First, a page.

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Rosemary Sutcliff is one of Britain’s most distinguished children’s writers, with over forty historical novels to her name. Blue Remembered Hills is the vivid and touching memoir of her own childhood.
Rosemary Sutcliff was born in 1920, the only child of a naval father and a pretty, manic-depressive mother with bags of charm and a wild imagination. As a child Rosemary suffered from the juvenile arthritis known as Still’s Disease, which burned its way through her, leaving her permanently disabled, yet Blue Remembered Hills is the very opposite of a misery memoir. It is a record of the growing up and making of a writer, and it is full of humour, affection, joy in people and the natural world, and the kind of deep understanding that can come out of hard experiences.
In some ways, hers was an enchanted childhood, lived among the vivid sights and sounds of the dockyards, which would later feed into her books. When her father retired from the sea the family moved to Torrington in North Devon, and at 14 Rosemary went to Bideford Art School, becoming a skilled miniaturist. In time, though, feeling cramped by the small canvas of her paintings, isolated in the country and wounded in love, she turned to writing. In doing so, she brought the past vividly to life for generations of children, and herself found fulfilment and success.
The writer Rosemary Sutcliff (1920–92) was the only child of a naval father – a dear, straightforward man who ‘you could never for a moment have mistaken for anything but a sailor’ – and a pretty, manic-depressive mother with bags of charm and a wild imagination, with whom Rosemary had an intensely close and intensely difficult relationship – but as she observes:
‘Very few of the worthwhile things in this world are all that easy.’
Her childhood memoir Blue Remembered Hills was first published in 1983 and the cover of that edition shows its author sitting in a wheelchair in a garden, looking straight out. It is in some ways a startling picture for a book jacket, for her body, hands and arms are twisted by the juvenile arthritis, known as Still’s Disease, that burned its way through her as a child, leaving her permanently disabled. But what to me is most arresting about the photograph is her direct and humorous gaze. It sums up the spirit of Blue Remembered Hills which, despite the inevitable pain it often records, is the very opposite of a misery memoir.
Although she spent long periods in hospital, Rosemary’s was in some ways an enchanted childhood, lived among the vivid sights and sounds of the dockyards in Malta, Chatham and Sheerness, ‘the smell of pitch and hot metal, wood and white paint, salt water and rope and oily smoke’, which would later provide the background for her early novel The Armourer’s House. Especially enchanting to this imaginative child were the times when she and her father would sit down together to study the albums of his travels, their brown hessian covers ‘folded back with a heart-leap of expectancy’ to reveal fading photographs – ‘of Pompeii, with the wheel ruts of chariots deeply shadowed by the afternoon sun on a paved street . . . the Lyon Gate at Mycenae in the days when you could pick up shards of Mycenaean pottery as easily as anemones from the rough grass’. The writer in her was storing it all up, just as she was storing up the feeling of the marsh country round Sheerness, and of the South Downs, where she and her parents sometimes went to visit her grim Aunt Lucy.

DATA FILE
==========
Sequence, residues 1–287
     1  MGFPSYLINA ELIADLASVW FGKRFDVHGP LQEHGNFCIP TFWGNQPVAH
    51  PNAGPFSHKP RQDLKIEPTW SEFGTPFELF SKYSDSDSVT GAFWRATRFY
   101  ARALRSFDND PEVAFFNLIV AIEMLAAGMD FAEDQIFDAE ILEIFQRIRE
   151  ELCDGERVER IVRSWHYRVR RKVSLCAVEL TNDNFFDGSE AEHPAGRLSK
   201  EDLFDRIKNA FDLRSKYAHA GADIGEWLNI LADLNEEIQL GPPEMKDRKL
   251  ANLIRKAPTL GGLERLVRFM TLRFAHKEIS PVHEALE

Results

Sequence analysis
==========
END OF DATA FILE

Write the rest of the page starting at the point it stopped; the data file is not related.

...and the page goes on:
When her father retired from the sea the family settled near Torrington in North Devon. In Blue Remembered Hills Rosemary describes the intense, almost mystical delight she took in that remote and beautiful countryside on the edge of Dartmoor – the deep lanes edged with meadowsweet, the sounds of the curlews coming in from the coast, the owls that ‘perched on the chimney to warm their feet, and made eerie noises down to us’. At the age of 14 she enrolled at Bideford Art School and when she left became a skilled miniature painter, whose work was exhibited at the Royal Academy. It was during her late twenties, just after the war and the pain of a love affair that came to nothing, that she began to express her passion for history in writing. Her first book for children, The Queen Elizabeth Story – ‘written out of heartache, but also out of something set free within myself ’ – was published by the Oxford University Press in 1950, and during the following three decades she produced most of the wonderful books that have brought the past alive for generations of children – The Eagle of the Ninth and her other stories of Roman Britain; the Arthurian novels beginning with Sword at Sunset; Dawn Wind, Frontier Wolf and many, many more.
Blue Remembered Hills is a masterpiece of another kind, but it shares the same qualities of honesty, humour, affection, joy in people and the natural world, and the kind of deep understanding that can come out of some very hard experiences. One feels braver somehow, more alive, more philosophical for reading it. It is a record of the growing up and making of a writer, and I would recommend it to any apprentice author as an example of what really good writing is.
‘Really excellent . . .’
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